Abdullah Ahmed Abdullah, who used the nom de guerre Abu Muhammad al-Masri, was accused of being one of the chief planners of devastating attacks on two US embassies in Africa in 1998.
He was killed on August 7, the anniversary of the attacks, the report said, citing unnamed intelligence officials.
The attacks on the US embassies in Kenya and Tanzania killed 224 and injured hundreds more.
A former Israeli intelligence official told the newspaper that Al-Masri is also accused of ordering the 2002 attack on an Israeli-owned hotel in Mombasa, Kenya which killed 13 and injured 80.
Al-Masri was driving his sedan close to his home when two Israeli agents on a motorcycle pulled up alongside his vehicle and fired five shots from a silenced pistol, killing al-Masri and his daughter, Miriam, who was married to Osama bin Laden’s late son Hamza bin Laden.
The assassination has not been publicly acknowledged by the US, Israel, Iran or al-Qaeda.
The US was keeping tabs on al-Masri and other members of the terrorist group in Iran for years, but it’s unknown what role the US played in the killing, if any.
Al-Masri was one of the earliest members of al-Qaeda and likely the next to lead the terror group after its current chief, Ayman al-Zawahri.
Following the shooting, Iranian media identified the victims as a history professor from Lebanon named Habib Daoud and his daughter, Maryam, the New York Times report said. A Lebanese news outlet and Iran’s Revolutionary Guards Corps said the victim was a member of the Hezbollah terrorist group, which is backed by Iran.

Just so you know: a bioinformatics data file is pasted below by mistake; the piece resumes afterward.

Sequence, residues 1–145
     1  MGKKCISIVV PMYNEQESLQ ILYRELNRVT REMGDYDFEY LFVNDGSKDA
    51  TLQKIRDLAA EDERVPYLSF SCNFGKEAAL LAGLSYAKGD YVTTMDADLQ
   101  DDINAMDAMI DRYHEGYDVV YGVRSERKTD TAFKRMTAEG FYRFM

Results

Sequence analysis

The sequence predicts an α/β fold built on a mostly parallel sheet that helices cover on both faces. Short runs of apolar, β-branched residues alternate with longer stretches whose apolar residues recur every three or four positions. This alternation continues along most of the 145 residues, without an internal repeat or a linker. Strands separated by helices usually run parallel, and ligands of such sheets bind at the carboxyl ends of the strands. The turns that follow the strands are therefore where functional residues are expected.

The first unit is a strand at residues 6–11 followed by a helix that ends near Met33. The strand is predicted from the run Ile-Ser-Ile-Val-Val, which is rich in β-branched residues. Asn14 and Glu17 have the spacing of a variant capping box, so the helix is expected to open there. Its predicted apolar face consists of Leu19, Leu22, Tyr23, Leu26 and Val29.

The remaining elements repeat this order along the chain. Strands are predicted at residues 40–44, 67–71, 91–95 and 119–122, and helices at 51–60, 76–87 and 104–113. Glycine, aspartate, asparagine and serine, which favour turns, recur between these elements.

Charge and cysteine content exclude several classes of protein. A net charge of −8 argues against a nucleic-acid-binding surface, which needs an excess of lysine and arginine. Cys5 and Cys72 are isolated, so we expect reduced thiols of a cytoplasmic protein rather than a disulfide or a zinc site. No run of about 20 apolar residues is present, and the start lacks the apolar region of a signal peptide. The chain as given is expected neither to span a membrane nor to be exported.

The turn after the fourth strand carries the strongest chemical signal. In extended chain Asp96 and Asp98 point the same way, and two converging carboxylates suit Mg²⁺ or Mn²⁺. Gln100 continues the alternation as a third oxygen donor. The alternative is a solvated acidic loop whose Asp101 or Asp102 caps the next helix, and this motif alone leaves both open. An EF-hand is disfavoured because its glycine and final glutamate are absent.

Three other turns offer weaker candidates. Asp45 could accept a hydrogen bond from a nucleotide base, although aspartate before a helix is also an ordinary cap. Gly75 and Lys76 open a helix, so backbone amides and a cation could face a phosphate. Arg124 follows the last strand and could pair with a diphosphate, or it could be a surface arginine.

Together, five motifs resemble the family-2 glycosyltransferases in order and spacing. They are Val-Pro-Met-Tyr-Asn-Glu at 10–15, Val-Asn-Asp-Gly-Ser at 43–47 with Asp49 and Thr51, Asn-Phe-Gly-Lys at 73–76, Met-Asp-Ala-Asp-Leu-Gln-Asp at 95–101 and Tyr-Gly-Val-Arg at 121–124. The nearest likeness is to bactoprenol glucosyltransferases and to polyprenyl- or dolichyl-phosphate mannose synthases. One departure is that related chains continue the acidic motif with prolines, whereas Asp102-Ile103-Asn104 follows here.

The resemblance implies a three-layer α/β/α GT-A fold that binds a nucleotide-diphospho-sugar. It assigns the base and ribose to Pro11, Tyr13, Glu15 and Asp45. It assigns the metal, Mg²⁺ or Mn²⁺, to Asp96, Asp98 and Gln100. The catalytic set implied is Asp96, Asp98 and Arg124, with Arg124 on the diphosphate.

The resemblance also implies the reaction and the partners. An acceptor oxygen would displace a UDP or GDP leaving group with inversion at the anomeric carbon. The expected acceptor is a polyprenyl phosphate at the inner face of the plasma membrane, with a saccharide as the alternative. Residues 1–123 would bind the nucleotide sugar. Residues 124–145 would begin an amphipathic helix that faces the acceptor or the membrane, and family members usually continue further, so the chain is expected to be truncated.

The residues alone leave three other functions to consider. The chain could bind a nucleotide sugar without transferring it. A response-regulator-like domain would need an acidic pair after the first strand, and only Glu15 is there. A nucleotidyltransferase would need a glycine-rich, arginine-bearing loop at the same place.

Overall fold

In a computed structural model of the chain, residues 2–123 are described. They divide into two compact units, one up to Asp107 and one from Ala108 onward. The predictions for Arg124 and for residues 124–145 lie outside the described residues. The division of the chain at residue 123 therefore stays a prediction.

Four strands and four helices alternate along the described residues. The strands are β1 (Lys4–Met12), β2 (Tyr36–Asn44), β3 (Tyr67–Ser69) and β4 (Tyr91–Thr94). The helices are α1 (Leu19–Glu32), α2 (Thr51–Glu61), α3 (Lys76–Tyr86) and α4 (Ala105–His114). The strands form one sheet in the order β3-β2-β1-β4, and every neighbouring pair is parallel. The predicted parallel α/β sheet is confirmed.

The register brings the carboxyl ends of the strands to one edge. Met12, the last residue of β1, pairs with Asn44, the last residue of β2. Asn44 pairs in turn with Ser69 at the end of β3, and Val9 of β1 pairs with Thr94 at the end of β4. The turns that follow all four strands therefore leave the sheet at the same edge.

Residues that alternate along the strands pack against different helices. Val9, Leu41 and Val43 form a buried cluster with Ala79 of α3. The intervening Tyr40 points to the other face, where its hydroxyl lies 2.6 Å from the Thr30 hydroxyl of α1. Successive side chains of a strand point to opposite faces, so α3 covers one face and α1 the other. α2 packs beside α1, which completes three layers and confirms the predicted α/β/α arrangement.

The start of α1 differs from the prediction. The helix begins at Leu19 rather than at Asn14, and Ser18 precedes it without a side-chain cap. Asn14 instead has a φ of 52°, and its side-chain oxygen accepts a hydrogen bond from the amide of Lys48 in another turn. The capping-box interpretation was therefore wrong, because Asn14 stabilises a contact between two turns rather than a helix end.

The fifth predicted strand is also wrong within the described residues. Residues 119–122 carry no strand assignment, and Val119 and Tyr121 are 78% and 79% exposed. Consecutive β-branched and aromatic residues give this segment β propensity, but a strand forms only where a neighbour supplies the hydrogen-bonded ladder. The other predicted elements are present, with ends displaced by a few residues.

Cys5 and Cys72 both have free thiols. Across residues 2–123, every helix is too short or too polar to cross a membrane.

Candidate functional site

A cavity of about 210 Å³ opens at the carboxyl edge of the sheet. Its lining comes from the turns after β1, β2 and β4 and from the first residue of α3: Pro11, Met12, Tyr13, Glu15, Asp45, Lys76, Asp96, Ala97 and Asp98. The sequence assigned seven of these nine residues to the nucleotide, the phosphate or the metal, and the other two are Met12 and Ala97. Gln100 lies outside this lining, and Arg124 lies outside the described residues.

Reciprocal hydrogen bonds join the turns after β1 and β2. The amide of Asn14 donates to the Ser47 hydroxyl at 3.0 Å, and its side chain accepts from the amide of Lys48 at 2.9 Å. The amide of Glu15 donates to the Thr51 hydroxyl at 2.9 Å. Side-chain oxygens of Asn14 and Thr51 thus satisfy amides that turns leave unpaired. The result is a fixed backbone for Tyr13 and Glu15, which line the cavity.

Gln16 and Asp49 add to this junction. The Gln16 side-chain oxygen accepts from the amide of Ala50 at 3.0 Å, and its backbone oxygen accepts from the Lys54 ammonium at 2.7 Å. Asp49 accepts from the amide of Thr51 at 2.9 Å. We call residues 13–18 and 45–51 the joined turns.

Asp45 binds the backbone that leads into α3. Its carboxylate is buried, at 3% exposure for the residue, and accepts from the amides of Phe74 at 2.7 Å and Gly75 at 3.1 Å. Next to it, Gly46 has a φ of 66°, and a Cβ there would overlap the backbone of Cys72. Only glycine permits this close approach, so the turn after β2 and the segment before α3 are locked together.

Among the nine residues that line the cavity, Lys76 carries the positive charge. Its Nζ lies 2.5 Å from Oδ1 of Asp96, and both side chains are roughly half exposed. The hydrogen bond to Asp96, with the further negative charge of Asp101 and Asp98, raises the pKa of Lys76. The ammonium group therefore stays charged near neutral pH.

Daoud and Maryam did not actually exist, however. One intelligence official, and a former head of Egypt’s Islamic Jihad group, said the persona was an alias Iran provided to al-Masri.
It’s unclear why Iran would harbor al-Masri. Iran is a Shiite state, and has fought with al-Qaeda, a Sunni jihadist organization.
Intelligence officials told the Times that al-Masri was in Iranian “custody” since 2003 and lived in Tehran since at least 2015. While in Tehran, he was protected by Iran’s Revolutionary Guards Corps but allowed to move freely and travel abroad.
Experts told the Times that Iran may hold al-Qaeda members to prevent attacks in Iran, or to allow them to conduct operations against the US.